Patience Gould and the Margarita

Patience Gould is entranced by Cointreau’s literary offering – and its contribution to her new favourite drink, the Margarita

On the moving home front I have been quite lucky in that moves both in childhood and relative adulthood have not been that many. I bought my first house back in 1987 then, just after the noughties it was to a house closer to London and most recently I’ve moved into a new home in East Sussex. I mention this only because these three moves have all been associated with a particular drink.

My first house was near to the then-independent cider and fruit wine producer Merrydown, so my fridge was always stacked with at least two types of cider – much nicer than the bitter brews I’d tasted during university days down in Exeter – but I confess that the fruit wine was not my ticket. 

Of course I’d grown up a tad – some 20 years or so a tad – by the time the south east London acquisition was made – and that was at the start of the glorious summer of 2011. So the drink in question that time around? Well it just had to be champagne and it flowed very nicely... for several months in fact.

So to the latest, and hopefully the last, move for a long while. It is back to East Sussex and, curiously for a consummate gin lover like me, the signature drink this time has been the cocktail the Margarita. Yes it’s ideal for a hot and sticky summer like this one; hugely refreshing thanks to the lime, Cointreau and tequila combination while the salted rim replenishes lost ‘bodily fluids’, but until now it’s never been a particular favourite of mine.

I think it must be subliminal as, having recently looked at the use of liqueurs in cocktails for Drinks International, Cointreau was centre stage and of course it is the named liqueur in the Margarita. Added to this my brother sent me an article detailing the future problems that could befall the blue agave plant in Mexico – oh and then the local green grocer had a bulk offer for limes.

All the foundations were nicely put into place when I received the most superb book detailing the history of Cointreau – well it was just meant wasn’t it?  Having a small jug of freshly squeezed lime juice in the fridge, which is replenished every day, the Margaritas have flowed like never before.

But back to that book – put simply it is quite the best compiled and executed history of a brand I have ever come across. In the 30 years or so that I’ve been writing about the drinks industry several have come my way, but none like this one. So how is it best to describe this fascinating tome?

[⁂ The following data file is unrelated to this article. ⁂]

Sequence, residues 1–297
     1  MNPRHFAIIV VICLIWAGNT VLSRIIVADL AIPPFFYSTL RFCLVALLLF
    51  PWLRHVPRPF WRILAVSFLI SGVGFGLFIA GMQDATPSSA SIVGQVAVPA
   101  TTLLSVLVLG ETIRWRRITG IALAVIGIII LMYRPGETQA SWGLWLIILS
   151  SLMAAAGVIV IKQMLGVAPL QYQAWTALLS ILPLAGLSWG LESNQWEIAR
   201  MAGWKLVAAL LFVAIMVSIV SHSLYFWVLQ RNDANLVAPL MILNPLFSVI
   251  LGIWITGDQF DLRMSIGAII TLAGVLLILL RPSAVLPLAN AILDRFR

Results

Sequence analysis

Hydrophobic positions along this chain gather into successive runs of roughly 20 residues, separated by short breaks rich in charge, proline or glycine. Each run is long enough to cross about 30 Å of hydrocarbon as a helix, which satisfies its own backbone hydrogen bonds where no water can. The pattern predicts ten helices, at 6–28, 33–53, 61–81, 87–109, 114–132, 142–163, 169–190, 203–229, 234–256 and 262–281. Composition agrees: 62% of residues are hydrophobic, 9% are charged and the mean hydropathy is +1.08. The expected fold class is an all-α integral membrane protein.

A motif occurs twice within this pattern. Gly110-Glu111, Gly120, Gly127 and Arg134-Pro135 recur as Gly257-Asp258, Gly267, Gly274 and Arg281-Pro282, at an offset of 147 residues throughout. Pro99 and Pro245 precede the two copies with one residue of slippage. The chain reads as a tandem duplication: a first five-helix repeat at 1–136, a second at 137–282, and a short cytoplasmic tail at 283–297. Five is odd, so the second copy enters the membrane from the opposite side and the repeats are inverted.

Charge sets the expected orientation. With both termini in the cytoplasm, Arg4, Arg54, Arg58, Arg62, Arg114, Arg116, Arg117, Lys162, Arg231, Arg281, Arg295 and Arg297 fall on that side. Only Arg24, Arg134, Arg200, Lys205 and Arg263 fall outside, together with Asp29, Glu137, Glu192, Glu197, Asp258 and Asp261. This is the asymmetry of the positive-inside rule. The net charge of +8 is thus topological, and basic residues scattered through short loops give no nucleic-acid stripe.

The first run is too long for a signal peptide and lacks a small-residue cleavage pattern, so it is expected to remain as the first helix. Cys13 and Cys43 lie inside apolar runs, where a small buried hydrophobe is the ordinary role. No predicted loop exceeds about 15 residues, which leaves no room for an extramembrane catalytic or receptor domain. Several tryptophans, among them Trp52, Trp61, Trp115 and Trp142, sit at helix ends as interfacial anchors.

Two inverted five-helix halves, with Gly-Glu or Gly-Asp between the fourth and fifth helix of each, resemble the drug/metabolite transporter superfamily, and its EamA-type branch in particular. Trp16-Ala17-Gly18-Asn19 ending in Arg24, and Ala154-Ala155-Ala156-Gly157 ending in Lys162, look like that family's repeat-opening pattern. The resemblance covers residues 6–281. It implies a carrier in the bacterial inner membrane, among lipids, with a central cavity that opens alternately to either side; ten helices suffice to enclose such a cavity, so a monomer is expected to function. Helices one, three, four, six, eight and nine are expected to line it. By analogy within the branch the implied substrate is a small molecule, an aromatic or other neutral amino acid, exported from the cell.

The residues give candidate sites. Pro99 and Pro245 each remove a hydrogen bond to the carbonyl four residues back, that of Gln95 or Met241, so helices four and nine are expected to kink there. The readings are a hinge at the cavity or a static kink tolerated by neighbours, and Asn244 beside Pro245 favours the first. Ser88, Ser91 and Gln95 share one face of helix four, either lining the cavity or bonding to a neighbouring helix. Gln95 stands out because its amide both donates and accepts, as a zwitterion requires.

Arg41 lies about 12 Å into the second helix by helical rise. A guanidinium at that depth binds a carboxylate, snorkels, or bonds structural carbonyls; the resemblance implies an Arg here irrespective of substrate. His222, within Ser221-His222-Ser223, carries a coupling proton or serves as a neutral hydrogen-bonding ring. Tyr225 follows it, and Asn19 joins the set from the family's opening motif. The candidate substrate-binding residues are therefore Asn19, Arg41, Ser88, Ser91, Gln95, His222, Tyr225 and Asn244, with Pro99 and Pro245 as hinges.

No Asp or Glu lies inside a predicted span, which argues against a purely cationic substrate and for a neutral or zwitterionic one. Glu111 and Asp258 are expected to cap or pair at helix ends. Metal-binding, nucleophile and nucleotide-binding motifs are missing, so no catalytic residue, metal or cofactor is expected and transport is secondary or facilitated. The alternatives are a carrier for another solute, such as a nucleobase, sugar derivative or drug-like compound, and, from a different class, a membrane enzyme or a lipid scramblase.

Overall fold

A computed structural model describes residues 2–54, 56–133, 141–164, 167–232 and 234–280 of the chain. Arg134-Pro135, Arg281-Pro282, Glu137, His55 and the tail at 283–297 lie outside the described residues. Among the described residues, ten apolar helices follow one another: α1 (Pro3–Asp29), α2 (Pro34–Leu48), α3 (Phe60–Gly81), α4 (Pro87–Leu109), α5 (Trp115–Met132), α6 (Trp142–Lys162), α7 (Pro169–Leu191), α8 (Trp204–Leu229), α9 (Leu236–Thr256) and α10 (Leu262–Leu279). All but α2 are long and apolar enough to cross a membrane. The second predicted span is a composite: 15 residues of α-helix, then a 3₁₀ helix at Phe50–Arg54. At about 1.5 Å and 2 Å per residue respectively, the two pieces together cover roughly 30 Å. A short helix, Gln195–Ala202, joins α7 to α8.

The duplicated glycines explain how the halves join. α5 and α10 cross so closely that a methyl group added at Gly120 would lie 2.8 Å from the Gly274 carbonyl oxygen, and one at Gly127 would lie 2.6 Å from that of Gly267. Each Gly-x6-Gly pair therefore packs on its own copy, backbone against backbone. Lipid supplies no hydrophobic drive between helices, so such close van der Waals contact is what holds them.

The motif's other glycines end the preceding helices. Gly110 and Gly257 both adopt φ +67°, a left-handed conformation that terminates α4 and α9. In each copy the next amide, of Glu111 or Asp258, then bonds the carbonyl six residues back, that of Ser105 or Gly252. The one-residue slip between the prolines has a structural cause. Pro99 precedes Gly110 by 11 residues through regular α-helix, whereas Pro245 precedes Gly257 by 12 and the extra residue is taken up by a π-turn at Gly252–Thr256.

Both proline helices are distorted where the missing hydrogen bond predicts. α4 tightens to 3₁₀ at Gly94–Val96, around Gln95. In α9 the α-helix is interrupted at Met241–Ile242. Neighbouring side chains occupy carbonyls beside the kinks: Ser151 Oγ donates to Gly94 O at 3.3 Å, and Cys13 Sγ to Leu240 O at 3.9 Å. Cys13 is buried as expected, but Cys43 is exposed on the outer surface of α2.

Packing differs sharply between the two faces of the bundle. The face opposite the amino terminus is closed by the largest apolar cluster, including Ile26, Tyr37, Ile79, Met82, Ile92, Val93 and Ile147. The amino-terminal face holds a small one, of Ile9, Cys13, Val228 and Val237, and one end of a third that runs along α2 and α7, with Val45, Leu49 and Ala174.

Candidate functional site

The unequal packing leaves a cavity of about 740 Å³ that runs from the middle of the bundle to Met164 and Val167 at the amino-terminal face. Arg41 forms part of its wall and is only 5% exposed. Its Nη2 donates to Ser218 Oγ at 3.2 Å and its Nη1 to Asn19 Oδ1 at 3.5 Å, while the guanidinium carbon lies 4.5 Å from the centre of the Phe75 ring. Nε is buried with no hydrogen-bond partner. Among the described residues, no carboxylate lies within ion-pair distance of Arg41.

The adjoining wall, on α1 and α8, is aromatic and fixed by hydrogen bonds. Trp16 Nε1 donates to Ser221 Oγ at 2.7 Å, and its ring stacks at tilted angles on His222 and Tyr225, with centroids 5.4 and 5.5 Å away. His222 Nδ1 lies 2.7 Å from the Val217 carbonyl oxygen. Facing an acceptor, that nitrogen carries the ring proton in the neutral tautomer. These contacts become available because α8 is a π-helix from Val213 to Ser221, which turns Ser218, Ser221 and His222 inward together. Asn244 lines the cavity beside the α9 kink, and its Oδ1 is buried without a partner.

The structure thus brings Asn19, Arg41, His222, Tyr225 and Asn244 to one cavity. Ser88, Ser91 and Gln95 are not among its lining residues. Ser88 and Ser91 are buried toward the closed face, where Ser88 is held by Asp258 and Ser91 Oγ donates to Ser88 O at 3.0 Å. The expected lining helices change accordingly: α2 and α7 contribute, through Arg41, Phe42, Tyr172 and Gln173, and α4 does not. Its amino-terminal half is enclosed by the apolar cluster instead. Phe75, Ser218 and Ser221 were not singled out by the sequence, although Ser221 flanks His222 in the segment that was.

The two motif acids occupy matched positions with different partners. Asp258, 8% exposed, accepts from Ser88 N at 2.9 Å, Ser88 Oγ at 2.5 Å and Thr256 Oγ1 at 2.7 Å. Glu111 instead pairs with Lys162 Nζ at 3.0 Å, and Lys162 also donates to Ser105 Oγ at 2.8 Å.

Well it’s like a scrap book in a way – but that’s not to decry it. In every chapter, accompanying text in both French and English, there are little pockets containing bits and pieces pertaining to the subject matter. For instance, in the cocktail chapter, one of the said pockets contains a reproduced part-version of the original Cocktails: How to Mix Them, with an excerpt on this work of reference by Robert Vermeire in 1930, which details the original Sidecar recipe that is, of course, another Cointreau great.

Vermeire states the recipe as equal parts cognac, Cointreau and lemon juice, now known as ‘the French school’. But later on an anglicised version emerged courtesy of Harry Craddock’s Savoy Cocktail Book (1930), which calls for two parts cognac and one part each of Cointreau and lemon juice. Clearly I am going to have to some very tasty research here.

I confess that over these cocktail-fuelled years I’ve wondered if the world’s best-selling and best renowned triple sec in its squat square and brown bottle was missing out on the mixing circuit. But it’s all explained in the book in the chapter ‘A unique, revolutionary bottle’ or better still en Francais, ‘Un flacon iconique en rupture avec les codes de l’époque’.

Towards the end of the 19th century liqueurs generally came in highly decorative presentations so the decision by Edouard Cointreau to go for a relatively plain bottle with a simple label meant the brand was already standing out from the madding (or is it maddening?) crowd. It continues to do so to this day, and unlike other brands which have eschewed their iconic presentations succeeding generations of the Cointreau family have remained steadfast.

Indeed in 1925 the Louis Cointreau ad campaign urged consumers: “Don’t just order a triple sec, insist on a Cointreau” and they have in droves. As a result Cointreau is Cointreau first and a triple sec second. Few brands today enjoy this iconic status. In fact I can only think of one other and that’s Bacardi – the brand comes first and the white rum comes second, well it used to at any rate and that’s definitely another story.